Experimental GLP-1 Receptor Agonist Associated with Better Glucose Control and Weight Effects than Sitagliptin and Glimepiride

Results of a three-year trial of the experimental GLP-1 receptor agonist albiglutide showed that it had a better effect on HbA1c, fasting blood glucose, and body weight than two comparator drugs.

Interim results of a three-year trial of the experimental GLP-1 receptor agonist albiglutide showed that it had a better effect on HbA1c, fasting blood glucose, and body weight than two comparator drugs, according to a presentation from the annual scientific sessions of the American Diabetes Association in Chicago.

“Albiglutide is a new, experimental product which uses a hormone secreted by the gut when we eat to control diabetes and hyperglycemia,” said Bo Ahren, MD, PhD, who is associated with Lund University in Lund, Sweden. “This agent is coupled with albumen, a protein that it takes the body a long time to get rid of, so it has a half-life of about five days, allowing individuals to inject it only once weekly,” explained Ahren, who presented poster 52-LB, “HARMONY 3: 104 Week (Wk) Efficacy of Albiglutide (Albi) Compared to Sitagliptin (Sita) and Glimepiride (SU) in Patients (pts) with Type 2 Diabetes Mellitus (T2DM) on Metformin (Met).”

HARMONY 3 is a three-year phase III clinical trial comparing albiglutide with sitagliptin and glimepiride in patients already receiving metformin; interim two-year results were presented in the poster.

In the study, patients with type 2 diabetes who were receiving metformin were randomized, and 302 patients assigned to the 30 milligram albiglutide arm, 302 to sitagliptin, and 307 to glimepiride. An additional 101 patients received placebo.

Albiglutide met the primary endpoint, which was HbA1c change at 104 weeks. Patients started with an HbA1c of 8.1%, which the experimental agent decreased by 0.91% more than placebo (p < 0.0001), by 0.35% more than sitagliptin (p < 0.0001), and by 0.27% more than glimeperide (p = 0.003).

At week 104, patients in the albiglutide arm had HbA1c of 7.5%, compared to 7.8% in the sitagliptin and glimepiride arms. Albiglutide was superior to glimepiride (p = 0.0033), and it was both non-inferior to and superior to sitagliptin (p = 0.0001).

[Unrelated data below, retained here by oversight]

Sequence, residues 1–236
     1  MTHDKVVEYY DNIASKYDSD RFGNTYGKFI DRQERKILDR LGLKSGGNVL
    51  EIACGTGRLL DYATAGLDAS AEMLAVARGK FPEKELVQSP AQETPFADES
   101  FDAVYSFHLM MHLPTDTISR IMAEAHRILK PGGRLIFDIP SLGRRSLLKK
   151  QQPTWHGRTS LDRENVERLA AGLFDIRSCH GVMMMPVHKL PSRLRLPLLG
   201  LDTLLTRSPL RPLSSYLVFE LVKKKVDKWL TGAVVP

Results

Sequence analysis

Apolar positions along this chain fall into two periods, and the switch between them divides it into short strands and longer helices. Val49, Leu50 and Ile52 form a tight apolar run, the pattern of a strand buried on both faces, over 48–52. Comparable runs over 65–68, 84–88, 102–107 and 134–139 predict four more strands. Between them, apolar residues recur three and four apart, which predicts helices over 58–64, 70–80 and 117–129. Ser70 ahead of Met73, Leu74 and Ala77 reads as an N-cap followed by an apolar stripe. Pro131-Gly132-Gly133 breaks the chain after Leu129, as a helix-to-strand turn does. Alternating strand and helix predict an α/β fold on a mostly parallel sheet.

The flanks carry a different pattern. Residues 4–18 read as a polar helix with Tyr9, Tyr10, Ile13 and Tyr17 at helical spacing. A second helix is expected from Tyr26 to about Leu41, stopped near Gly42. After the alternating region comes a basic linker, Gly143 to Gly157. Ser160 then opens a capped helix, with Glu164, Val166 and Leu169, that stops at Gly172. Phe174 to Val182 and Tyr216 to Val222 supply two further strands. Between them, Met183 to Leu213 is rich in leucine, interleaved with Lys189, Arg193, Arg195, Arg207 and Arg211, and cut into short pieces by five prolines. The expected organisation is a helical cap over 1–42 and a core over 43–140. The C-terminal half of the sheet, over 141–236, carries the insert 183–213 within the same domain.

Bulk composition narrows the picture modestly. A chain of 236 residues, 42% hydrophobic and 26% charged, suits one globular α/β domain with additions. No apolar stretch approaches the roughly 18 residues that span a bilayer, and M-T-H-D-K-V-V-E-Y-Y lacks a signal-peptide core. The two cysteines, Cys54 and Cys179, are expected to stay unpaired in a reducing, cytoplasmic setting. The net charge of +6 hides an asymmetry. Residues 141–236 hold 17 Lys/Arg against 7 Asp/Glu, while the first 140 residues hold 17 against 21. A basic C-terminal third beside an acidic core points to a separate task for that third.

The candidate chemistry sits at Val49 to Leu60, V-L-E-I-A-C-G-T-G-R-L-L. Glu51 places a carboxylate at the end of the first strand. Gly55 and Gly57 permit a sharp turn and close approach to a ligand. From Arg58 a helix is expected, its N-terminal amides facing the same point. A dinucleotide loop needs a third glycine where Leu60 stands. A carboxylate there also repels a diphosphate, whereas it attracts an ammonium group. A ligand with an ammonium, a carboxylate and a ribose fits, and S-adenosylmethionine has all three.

“In studies like this, some participants stop treatment, and we take the last value for that participant in further analysis,” explained Ahren. About 68% of patients in all three arms continued the trial to week 104, according to the poster.

Patients in the albiglutide arm also had lower fasting blood glucose levels than patients in the other arms. It was lower than placebo by 27.7 milligrams per deciliter, lower than sitagliptin by 15.5, and lower than glimepiride by 10.1 mg/dL (p < 0.05).

Weight loss was similar in the albiglutide arm to that in the sitagliptin arm, and greater by 2.4 kilograms than for those participants in the glimepiride arm (p < 0.0001).

However, adverse events, including injection site reactions, were more common among those receiving the experimental agent, with 17% of those in the albiglutide arm experiencing them, compared to 8% of those on glimepiride and 6% of those on sitagliptin.

Of patients on glimepiride, 6% experienced vomiting, compared to 4% in glimepiride and sitagliptin, according to the abstract.

In the albiglutide arm, two patients were identified as having pancreatitis. One patient on albiglutide developed thyroid cancer, while two patients treated with sitagliptin developed thyroid cancer, according to the poster.

As for hypoglycemia, 3% of patients in the albiglutide arm developed documented hypoglycemia, compared to 2% of those on sitagliptin and 18% of those on glimepiride; however, there were no severe hypoglycemic events, according to the abstract.